Levy-Bruhl speculates about what he posited as the two basic mind-sets of mankind; "primitive" and "Western." The primitive mind does not differentiate the supernatural from reality, but rather uses "mystical participation" to manipulate the world. Moreover, the primitive mind doesn't address contradictions. The Western mind, by contrast, uses speculation and logic. ‘How Natives Think’ IS an accurate and valuable contribution to anthropology.
Table of Contents
1. Collective representations in primitives’ perceptions and the mystical character of such 2. The law of participation 3. The functioning of prelogical mentality 4. The mentality of primitives in relation to the languages they speak 5. Prelogical mentality in relation to numeration 6. Institutions in which collective representatives governed by the law of participation are involved 7. Institutions of which collective representations governed by the law of participation are involved (II) 8. Institutions of which collective representations governed by the law of participation are involved (III) 9. The transition to the higher mental types.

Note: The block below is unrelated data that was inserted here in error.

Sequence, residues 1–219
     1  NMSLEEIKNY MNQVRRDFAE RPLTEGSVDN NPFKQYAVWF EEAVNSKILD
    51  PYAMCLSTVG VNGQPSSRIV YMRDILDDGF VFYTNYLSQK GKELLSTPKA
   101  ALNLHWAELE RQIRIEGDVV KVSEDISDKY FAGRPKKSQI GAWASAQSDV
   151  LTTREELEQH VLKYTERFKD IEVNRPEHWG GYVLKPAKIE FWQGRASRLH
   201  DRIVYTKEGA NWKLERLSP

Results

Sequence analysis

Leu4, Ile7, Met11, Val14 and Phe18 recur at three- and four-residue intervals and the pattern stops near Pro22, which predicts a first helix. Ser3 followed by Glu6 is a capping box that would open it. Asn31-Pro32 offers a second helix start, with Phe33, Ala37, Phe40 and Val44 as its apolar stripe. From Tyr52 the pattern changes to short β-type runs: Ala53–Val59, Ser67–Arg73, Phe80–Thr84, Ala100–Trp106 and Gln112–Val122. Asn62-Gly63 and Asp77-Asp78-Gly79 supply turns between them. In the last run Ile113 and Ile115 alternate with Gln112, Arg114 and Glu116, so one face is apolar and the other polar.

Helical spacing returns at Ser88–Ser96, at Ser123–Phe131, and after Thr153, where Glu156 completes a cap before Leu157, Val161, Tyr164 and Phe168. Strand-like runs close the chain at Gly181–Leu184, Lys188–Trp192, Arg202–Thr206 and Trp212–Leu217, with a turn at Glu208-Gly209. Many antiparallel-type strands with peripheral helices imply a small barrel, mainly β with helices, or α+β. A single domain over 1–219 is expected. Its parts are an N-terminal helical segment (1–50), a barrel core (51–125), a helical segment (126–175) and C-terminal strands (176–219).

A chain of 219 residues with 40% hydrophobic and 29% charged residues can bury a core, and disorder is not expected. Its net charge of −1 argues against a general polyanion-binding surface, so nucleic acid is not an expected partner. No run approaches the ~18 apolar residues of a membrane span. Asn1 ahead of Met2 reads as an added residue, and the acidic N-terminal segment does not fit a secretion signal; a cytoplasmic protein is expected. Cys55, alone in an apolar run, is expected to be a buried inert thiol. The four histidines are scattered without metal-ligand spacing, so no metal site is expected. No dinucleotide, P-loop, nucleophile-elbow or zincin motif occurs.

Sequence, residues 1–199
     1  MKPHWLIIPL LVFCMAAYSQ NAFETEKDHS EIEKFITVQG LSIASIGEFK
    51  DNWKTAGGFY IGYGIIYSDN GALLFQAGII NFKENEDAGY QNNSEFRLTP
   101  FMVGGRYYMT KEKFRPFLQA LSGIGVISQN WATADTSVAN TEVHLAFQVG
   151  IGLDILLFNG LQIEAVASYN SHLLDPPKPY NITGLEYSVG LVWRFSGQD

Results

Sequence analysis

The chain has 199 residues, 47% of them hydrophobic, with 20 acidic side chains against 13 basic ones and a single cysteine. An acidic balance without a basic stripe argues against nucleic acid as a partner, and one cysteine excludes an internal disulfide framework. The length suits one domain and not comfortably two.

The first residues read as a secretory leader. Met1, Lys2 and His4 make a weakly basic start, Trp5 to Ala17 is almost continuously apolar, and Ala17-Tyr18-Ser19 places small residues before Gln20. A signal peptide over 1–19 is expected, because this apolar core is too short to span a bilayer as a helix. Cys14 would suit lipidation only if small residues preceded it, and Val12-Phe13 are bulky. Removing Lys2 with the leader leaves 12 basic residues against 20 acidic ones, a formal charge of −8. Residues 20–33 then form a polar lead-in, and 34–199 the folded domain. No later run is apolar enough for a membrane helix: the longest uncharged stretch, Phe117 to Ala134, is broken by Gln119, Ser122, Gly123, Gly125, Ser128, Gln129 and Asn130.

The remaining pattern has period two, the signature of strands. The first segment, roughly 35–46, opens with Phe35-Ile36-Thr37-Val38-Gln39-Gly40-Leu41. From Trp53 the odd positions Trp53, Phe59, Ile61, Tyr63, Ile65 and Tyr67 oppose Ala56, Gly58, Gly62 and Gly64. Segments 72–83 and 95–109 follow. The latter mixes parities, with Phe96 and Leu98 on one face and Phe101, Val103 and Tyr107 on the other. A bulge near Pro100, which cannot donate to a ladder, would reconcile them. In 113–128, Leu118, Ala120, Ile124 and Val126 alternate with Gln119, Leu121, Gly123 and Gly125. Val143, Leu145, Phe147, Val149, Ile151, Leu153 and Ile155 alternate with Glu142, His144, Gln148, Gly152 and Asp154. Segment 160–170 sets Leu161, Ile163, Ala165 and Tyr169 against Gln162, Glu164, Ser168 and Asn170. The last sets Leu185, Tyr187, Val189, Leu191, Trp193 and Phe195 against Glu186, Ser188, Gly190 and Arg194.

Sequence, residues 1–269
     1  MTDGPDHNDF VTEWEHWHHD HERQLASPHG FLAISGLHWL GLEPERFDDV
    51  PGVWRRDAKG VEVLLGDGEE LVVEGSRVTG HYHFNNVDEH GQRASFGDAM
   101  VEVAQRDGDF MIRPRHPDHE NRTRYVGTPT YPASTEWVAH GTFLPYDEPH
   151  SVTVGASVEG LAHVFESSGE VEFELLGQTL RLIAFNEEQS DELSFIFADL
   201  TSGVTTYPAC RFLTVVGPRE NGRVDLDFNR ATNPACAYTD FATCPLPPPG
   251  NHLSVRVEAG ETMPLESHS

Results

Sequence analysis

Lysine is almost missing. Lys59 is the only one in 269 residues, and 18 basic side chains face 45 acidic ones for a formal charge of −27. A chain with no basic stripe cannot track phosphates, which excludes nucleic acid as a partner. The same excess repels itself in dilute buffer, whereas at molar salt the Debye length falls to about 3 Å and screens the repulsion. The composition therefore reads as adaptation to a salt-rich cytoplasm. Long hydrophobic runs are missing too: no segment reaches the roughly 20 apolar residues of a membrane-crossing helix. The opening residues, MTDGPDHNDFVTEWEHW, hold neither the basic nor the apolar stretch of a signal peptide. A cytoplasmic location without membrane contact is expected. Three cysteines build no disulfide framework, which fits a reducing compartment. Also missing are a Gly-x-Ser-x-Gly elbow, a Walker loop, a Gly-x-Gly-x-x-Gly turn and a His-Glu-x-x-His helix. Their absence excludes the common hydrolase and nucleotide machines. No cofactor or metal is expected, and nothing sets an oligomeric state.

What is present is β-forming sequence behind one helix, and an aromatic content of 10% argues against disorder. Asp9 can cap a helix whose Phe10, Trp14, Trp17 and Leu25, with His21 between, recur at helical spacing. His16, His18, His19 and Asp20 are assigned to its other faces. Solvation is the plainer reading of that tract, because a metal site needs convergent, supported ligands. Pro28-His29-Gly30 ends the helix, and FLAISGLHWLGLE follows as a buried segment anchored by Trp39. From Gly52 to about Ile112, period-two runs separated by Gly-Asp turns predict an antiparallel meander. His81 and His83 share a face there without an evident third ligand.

Lucien Lévy-Bruhl (10 April 1857 – 13 March 1939) was a French scholar trained in philosophy, who made contributions to the budding fields of sociology and ethnology. His primary field of study involved primitive mentality. Lévy-Bruhl was born in Paris. He was an anthropologist who wrote about the 'primitive mind'. Lévy-Bruhl believed in a historical and evolutionary teleology leading from the primitive mind to the modern mind.